More annoying to AMLO were the whereabouts of the headdress of Moctezuma, the last Aztec emperor. “It was illegally stolen,” the president said, implicating Austria as the culprit.
“They feel they own it. They appropriated something that’s ours … I’m not even angry anymore,” he added.
Chapultepec park, Mexico City’s gargantuan green space more than twice the size of New York’s Central Park, topped Thursday’s agenda as it’s getting a healthy makeover.
Mayor Claudia Sheinbaum said that the new fourth section of the park would cover 88 acres, and she accused the Enrique Peña Nieto government of trying to turn it into a fancy residential area before mentioning that a new five-kilometer cable car would link up the whole park.
The old presidential residence, Los Pinos, has been opened to the public, but Culture Minister Alejandra Frausto said it has been a tricky job.
“They left it empty. There was nothing, not even a glass to drink water or a pan to heat a tortilla,” she said, referring to the previous presidency of Enrique Peña Nieto. AMLO broke with tradition when he was elected in 2018 by declining to live there, unlike all but one president since 1935.
Frausto added she was told to take advantage of Buen Fin, Mexico’s discount shopping holiday, to buy kitchenware, then announced that culture ministers from 190 countries would convene for an event in Chapultepec park in 2022.
The president promised gas and electricity prices wouldn’t rise, despite huge global hikes due to the conflict in Ukraine. He also mentioned some financial advice for his friend, Argentina President Alberto Fernández, who was meeting with officials from the International Monetary Fund to discuss his country’s mammoth debt. AMLO recommended accepting a postponement in payments rather than declaring bankruptcy.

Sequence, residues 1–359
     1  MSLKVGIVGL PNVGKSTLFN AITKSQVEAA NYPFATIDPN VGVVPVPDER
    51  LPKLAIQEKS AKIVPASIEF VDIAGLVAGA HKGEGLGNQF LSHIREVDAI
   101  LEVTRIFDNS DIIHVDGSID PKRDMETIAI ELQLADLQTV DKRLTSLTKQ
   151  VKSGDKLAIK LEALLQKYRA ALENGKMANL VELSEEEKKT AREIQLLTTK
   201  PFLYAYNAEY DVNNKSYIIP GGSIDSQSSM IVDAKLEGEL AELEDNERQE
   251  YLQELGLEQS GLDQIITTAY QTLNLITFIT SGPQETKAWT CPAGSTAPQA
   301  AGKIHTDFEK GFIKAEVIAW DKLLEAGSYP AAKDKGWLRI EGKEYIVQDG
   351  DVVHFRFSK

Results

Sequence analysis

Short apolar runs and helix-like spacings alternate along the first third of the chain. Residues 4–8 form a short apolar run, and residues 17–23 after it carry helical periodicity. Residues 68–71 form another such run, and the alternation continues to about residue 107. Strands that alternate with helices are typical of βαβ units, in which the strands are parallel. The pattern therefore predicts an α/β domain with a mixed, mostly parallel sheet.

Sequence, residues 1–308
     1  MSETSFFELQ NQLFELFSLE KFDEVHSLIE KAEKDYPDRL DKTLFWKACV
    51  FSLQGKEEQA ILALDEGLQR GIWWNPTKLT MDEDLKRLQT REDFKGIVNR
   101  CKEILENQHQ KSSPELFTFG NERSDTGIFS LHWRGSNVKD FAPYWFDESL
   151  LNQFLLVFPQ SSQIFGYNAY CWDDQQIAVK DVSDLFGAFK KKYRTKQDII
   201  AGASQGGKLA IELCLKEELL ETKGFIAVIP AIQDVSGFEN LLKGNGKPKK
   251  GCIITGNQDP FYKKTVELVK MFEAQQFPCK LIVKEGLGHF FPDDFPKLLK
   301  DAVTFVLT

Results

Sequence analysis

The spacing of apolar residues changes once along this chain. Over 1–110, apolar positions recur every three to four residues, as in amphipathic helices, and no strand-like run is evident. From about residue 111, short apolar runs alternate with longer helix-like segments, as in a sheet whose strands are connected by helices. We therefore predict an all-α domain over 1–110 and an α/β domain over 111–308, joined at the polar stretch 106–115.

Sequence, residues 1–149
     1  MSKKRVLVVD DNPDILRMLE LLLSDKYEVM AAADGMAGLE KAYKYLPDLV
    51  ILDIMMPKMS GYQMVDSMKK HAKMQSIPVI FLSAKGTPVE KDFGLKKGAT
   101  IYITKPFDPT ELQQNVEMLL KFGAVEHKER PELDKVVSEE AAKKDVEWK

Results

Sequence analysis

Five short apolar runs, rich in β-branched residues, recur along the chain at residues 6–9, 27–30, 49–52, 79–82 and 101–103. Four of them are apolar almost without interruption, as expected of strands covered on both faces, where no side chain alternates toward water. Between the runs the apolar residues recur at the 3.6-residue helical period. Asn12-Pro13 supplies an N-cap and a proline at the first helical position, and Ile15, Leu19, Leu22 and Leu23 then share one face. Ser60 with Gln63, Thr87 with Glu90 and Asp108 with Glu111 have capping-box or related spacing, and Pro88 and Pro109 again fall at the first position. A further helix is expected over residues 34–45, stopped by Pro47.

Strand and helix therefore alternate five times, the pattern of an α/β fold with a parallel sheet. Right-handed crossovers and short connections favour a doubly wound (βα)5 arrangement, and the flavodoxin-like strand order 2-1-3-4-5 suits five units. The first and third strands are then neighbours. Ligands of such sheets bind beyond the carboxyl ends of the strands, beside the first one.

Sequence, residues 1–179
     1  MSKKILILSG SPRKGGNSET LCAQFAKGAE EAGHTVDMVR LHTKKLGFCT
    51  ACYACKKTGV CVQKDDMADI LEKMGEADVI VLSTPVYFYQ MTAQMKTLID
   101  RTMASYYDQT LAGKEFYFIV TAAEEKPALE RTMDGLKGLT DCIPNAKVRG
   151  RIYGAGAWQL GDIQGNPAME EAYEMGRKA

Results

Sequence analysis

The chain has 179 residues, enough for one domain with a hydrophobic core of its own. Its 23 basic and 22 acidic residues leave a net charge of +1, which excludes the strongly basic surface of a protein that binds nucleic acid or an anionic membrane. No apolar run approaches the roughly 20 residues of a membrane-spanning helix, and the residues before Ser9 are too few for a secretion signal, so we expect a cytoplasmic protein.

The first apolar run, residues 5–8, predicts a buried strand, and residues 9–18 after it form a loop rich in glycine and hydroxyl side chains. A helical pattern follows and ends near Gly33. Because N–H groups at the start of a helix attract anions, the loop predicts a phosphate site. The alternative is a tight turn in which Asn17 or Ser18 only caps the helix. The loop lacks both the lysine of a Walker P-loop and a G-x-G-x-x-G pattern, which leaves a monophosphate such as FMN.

Reading from a letter, the Tabascan offered Fernández a pep talk: “I’m sure you’ll be immune to the threatening media strategy because you are aided by reason, you work for the people and you’re a good governor.”
He also congratulated the Argentine president and his wife, who are expecting a child.
The president was in the modern Casablanca on Friday: Tapachula, Chiapas. The border city is the main entry point from Central America where tens of thousands of migrants await their paperwork to advance toward the United States, not knowing if it will ever arrive.
Chiapas Governor Rutilio Escandón assured that the migrant situation was receiving rigorous attention and announced his permanent admiration for the president. “You will always be, with a lot of affection … and with a lot of respect, tattooed in the hearts of the people of Chiapas,” he said.
Later in the conference, the president said that the solution to the migration crisis was to create work in Central America and urged U.S. President Biden to invest in the region. However, he didn’t touch on how to help Haitian migrants, 30,000 of which are currently awaiting resolution in Tapachula.
The tabasqueño added that he would visit El Salvador, Honduras, Guatemala, Belize and Cuba in May, a list that omits Nicaragua, where the leftist dictator Daniel Ortega reigns supreme.
Finally, the European Parliament had approved a resolution criticizing AMLO’s confrontational stance toward the media. “Sheep,” the president cried in response to their censure.
“It’s unfortunate that, like sheep, you join the reactionary and coup-like strategy of the corrupt group that opposes [AMLO’s administration] … Mexico is no longer a land of conquest … Mexico is a pacifistic country … we do not send weapons to any country under any circumstances, as you are doing now,” AMLO read from his letter to the parliament, referring to the European Union’s military support of Ukraine.
Mexico News Daily